Horsey Stuff, 9 Things a New Horse Person Needs to Know

September 26, 2014 by  
Filed under All Posts, Horses

All types of horses and ponies

You may discover a horse person hidden inside of you, if you find yourself dreaming -and daydreaming- about horses!

Clues that you are a horse lover are pretty easy to spot. The first sign is when you repeatedly catch yourself spending a lot of time thinking about horses.

Soon you are imagining riding, jumping, and doing all sorts of wonderful things with a horse. Then when you start devoting your weekends and vacation time to horse shows and clinics, well, you may be hooked.

You can imagine having a great time with a horse, so maybe it’s time to get started! Of course you will have to find a horse to work with, but there’s lots of little horsey things to learn as well. Armed with a little knowledge will go a long way in helping on your journey to becoming a horse person.

List of 9 Horsey things to know about:

  1. An equestrian is not a cowboy
    Cowboys work cattle

    A cowboy is someone who rides a horse and whose job is to take care of cows or horses. They may perform in rodeos and some may also have the qualities that are commonly associated cowboys, as depicted in movies.

    An equestrian is a very hardworking person that is committed to the sport of riding horses, and is also committed to the animals, horses and ponies, that he or she rides.

  2. Wear appropriate clothing
    Horse riding apparel

    Equestrian apparel in not about high-fashion, rather it’s about good functional clothing for activates both on and off of a horse. Appropriate apparel starts with a pair of riding boots. You know you have a good boots if they get crinkly around the ankles and have dirt on them. And no, you don’t wear them to a fancy restaurant.

  3. Don’t be an urban cowboy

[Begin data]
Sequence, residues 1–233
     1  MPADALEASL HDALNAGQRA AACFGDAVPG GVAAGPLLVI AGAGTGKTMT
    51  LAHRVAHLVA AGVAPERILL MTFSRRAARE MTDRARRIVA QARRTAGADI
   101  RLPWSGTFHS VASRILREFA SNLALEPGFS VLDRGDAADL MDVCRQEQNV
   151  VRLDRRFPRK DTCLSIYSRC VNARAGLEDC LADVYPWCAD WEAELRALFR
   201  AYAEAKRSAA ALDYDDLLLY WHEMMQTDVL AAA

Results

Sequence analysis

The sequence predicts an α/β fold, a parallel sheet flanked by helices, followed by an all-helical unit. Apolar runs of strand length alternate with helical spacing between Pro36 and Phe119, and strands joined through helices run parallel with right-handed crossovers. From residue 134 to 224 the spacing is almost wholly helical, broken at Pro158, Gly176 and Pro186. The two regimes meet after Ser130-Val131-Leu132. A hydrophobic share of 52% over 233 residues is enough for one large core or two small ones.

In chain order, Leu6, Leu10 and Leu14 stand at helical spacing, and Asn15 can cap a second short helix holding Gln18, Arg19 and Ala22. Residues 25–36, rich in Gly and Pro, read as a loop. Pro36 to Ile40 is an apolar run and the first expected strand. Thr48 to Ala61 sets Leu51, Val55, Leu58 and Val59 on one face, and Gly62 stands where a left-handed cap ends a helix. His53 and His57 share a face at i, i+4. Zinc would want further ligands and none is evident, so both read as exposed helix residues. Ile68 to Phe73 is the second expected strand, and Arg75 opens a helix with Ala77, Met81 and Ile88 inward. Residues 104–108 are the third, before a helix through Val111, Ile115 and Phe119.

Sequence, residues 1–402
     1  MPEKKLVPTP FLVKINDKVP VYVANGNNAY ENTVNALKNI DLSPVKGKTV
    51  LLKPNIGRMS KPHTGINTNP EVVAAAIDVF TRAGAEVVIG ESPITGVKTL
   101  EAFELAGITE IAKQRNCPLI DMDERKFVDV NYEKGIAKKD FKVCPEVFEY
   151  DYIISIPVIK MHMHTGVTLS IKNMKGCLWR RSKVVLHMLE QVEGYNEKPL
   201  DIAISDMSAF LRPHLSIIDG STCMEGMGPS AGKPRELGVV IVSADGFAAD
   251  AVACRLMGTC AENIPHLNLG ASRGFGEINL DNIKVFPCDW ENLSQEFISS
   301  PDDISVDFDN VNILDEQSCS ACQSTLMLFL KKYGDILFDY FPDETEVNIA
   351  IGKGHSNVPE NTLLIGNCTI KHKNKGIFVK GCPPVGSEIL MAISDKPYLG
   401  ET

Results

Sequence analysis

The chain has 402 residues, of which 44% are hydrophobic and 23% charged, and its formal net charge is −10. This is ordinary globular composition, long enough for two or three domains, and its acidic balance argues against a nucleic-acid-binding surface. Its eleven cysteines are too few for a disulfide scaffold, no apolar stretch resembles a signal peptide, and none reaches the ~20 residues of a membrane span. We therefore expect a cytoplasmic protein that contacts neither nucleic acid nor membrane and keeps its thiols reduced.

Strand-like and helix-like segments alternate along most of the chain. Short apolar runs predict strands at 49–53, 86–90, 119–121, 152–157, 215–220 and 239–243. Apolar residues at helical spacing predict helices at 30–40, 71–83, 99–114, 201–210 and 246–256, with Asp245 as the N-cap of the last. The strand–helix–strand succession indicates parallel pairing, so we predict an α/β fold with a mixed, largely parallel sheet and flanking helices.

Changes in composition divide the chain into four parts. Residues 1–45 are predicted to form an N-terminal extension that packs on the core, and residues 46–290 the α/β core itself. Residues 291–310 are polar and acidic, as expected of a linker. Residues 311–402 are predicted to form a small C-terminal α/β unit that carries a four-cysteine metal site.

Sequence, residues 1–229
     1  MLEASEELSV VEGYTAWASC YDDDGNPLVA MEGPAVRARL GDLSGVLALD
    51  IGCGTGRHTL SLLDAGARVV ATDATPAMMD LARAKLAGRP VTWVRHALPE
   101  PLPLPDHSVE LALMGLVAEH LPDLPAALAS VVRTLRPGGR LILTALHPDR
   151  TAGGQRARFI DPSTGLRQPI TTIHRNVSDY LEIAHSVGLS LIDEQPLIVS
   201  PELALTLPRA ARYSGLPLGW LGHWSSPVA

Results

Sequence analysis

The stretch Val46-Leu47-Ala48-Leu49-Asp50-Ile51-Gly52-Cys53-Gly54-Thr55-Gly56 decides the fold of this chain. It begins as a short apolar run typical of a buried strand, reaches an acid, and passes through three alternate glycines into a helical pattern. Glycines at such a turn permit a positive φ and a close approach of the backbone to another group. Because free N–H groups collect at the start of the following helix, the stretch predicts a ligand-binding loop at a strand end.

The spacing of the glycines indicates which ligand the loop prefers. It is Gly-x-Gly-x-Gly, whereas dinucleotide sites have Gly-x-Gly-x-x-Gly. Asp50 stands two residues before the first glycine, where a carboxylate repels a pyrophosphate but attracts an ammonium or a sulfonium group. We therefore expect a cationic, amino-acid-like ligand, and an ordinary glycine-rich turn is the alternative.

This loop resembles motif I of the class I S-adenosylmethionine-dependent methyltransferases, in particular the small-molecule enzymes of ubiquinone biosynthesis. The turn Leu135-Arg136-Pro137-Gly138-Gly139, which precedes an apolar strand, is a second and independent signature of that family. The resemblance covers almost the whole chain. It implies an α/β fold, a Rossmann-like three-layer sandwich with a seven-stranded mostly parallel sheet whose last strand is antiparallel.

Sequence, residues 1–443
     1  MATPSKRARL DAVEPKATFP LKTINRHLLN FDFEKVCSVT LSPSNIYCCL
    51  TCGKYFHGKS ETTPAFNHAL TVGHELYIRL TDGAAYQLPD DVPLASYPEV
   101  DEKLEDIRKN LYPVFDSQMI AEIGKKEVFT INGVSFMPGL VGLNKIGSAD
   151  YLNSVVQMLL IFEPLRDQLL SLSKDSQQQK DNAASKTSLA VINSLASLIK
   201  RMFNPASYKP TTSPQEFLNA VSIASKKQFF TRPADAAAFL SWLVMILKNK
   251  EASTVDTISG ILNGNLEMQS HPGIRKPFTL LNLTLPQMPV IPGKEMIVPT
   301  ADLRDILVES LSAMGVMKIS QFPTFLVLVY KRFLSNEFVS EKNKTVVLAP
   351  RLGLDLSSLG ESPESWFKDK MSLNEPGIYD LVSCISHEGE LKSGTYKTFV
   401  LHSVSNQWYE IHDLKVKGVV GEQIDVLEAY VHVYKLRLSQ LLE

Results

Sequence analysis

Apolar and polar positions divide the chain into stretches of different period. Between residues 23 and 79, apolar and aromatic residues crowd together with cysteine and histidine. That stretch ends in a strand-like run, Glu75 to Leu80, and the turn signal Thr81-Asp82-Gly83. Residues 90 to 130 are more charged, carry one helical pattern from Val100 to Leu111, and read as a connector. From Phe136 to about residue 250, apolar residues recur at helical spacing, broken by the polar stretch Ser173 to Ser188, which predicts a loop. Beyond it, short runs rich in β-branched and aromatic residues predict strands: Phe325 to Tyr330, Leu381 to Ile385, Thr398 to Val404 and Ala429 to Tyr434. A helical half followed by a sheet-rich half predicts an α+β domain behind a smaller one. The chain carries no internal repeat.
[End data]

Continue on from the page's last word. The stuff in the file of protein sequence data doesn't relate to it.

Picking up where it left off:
You don’t get a horse to move by waving your hands about with your legs flapping, and then hooting out an exciting “hi-yah!” You do use your voice when riding a horse, and you also use your seat, hands, and legs. You will usually get your horse to move by looking up, moving your hands forward, and squeezing with your legs.

  4. Learn about the different types of horses
    Types of horses

    It’s important to know about the types of horse breeds, and the difference between a horse and a pony.

    A pony is not a baby horse, nor is it a miniature horse.

    A baby horse is also not a pony, and actually has different names depending on whether it’s a boy or a girl. All baby horses are foals, but a boy can be called a “colt” while a girl is called a “filly.”

  5. Use the correct terminology
    Horse knowledge

    Do some research at your local library or surf the web for commonly used horse terms and quick facts to help you out.

  6. Be honest about your knowledge
    When other horse lovers know you have limited knowledge, experienced horsemen and women are far more likely to explain terminology, share information, and help you out in any way they can.

  7. Be eager to learn
    You’ll never learn unless you ask, so don’t be afraid to ask for an explanation about a horse term that you’re not familiar with, or if you need clarification about something. Many horse people are very happy to discuss their horses.

  8. Learn proper horse riding etiquette
    Horse Riding etiquette

    Arena riding may be the only option at times, so understand and follow proper horse arena etiquette. It will make ring riding with other’s fun and safe.